Celebrating all turtles on World Turtle Day
May 27 marked World Turtle Day.
Did you know that turtles now have the highest threat level for extinction of any vertebrate group on the planet? They just surpass primates. Turtles are under pressure from many fronts like habitat loss, as a food source, traditional medicine, and the pet trade, which includes illegal trafficking. Thankfully, many organizations and agencies have increased their efforts to ensure that turtles get the help they need, including the Sanibel-Captiva Conservation Foundation.
With approximately 360 species worldwide and about half of them endangered, turtles need all the help they can get. Let’s celebrate turtles, tortoises, and terrapins by highlighting some of Sanibel’s native turtle fauna and the research that is being conducted on the species by the SCCF.
Sanibel has 14 native turtle species that either call Sanibel their home or use the beaches to nest. Of the 14 species, four of them are marine turtles (loggerhead, green, leatherback and Kemp’s ridley), seven of them are freshwater aquatic turtles (Florida softshell, Florida snapping, striped mud, Florida mud, peninsula cooter, Florida red-bellied and Florida chicken), one is a semi-aquatic turtle (Florida box), one is a brackish water species (diamondback terrapin) and one is a tortoise (gopher tortoise). The high variety of taxonomic families represented – seven – makes Sanibel a special place, especially for a barrier island.
The SCCF’s Sea Turtle Program is the longest-running monitoring program in the state. Founded in 1959 by Charles LeBuff, the program was given to the SCCF in 1992 after his retirement. The program has expanded research efforts greatly over the last decade, as the nesting numbers continue to increase overall, likely as the result of early conservation work.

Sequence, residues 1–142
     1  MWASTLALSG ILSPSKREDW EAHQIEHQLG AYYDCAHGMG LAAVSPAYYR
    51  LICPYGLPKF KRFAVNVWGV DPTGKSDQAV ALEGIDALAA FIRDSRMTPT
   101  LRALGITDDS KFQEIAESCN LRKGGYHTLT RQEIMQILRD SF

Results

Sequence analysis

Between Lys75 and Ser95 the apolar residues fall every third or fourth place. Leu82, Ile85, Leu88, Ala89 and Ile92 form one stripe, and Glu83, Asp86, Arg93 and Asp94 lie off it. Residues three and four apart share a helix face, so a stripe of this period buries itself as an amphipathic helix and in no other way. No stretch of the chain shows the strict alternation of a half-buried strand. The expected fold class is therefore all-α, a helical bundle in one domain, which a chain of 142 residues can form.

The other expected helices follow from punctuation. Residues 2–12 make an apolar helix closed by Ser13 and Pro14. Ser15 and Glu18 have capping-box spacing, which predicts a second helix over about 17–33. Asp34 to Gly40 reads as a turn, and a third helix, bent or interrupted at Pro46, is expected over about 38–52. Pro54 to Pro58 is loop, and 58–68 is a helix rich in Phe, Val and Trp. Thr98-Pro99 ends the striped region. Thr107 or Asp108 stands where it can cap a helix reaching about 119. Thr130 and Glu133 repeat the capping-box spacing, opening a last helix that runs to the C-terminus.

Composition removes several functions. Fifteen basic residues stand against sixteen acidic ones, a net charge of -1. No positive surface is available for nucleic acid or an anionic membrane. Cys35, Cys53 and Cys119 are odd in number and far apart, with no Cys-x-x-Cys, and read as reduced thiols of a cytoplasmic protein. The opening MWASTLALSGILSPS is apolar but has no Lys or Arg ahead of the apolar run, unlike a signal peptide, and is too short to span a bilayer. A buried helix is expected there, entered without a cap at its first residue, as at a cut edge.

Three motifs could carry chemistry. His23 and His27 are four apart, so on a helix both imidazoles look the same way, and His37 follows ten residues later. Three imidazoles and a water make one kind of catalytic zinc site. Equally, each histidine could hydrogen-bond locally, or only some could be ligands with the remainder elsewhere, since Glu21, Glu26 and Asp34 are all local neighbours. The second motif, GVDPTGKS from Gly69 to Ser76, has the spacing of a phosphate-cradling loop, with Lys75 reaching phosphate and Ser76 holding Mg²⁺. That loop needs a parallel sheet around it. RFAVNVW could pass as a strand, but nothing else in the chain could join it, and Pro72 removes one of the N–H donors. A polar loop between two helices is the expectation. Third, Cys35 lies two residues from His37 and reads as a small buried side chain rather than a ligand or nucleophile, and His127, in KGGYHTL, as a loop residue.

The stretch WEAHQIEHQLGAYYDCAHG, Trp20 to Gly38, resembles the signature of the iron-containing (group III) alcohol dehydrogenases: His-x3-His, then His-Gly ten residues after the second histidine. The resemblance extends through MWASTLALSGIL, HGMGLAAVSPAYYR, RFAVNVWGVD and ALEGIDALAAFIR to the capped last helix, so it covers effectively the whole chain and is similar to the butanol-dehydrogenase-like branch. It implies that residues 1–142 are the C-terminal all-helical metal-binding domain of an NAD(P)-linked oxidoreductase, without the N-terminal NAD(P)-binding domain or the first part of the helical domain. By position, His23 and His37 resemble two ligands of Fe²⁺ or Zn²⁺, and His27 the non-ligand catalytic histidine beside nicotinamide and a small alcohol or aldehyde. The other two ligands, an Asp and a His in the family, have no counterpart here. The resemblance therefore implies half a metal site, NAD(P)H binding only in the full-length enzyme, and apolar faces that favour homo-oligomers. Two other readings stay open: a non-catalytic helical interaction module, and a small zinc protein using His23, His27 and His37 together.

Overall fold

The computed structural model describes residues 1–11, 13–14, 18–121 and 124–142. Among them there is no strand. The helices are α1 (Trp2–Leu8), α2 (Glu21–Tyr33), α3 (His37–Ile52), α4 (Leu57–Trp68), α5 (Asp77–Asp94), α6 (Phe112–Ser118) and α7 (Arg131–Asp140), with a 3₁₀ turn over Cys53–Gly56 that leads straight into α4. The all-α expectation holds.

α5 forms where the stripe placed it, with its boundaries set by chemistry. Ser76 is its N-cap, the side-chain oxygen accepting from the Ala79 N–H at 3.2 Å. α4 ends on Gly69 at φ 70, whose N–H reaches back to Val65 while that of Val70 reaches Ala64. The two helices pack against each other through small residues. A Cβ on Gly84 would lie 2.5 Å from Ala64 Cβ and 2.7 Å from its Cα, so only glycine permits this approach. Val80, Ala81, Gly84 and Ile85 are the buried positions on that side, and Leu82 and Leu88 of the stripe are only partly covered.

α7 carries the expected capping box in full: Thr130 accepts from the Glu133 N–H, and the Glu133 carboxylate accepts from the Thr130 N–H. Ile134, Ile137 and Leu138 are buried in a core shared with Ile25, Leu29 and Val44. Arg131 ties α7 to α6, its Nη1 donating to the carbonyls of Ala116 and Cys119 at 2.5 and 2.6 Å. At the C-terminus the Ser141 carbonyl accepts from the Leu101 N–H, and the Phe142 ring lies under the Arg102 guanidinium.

Gopher tortoise surveys began in 2000 on the SCCF properties. With 20 years of data, the land management staff has discovered several factors affecting population increase and decrease in several areas that can be used to make sound restoration and maintenance decisions benefitting this upland species.
The Florida Box Turtle Project began in 2002 on this small, long-lived turtle species. The effort has expanded as well with the addition of radio and GPS telemetry and microhabitat studies to find out their activity cycles, home ranges, and use of the habitat so SCCF staff can minimize disturbances due to land management activities and maximize preferred habitat use.
The Diamondback Terrapin Project began in 2013 to fill a much-needed research gap in the state. Almost nothing was known about the elusive species in Southwest Florida. The project has grown to be one of the largest and most well-respected programs in the state. With some notable accomplishments, such as the pioneering of satellite telemetry use on terrapins to find nesting areas and being one of the top providers of genetic samples for the state-wide study on terrapin, the SCCF’s efforts could lead to their complete protection.
To support SCCF’s ongoing turtle research, visit donorbox.org/donate-to-sccf.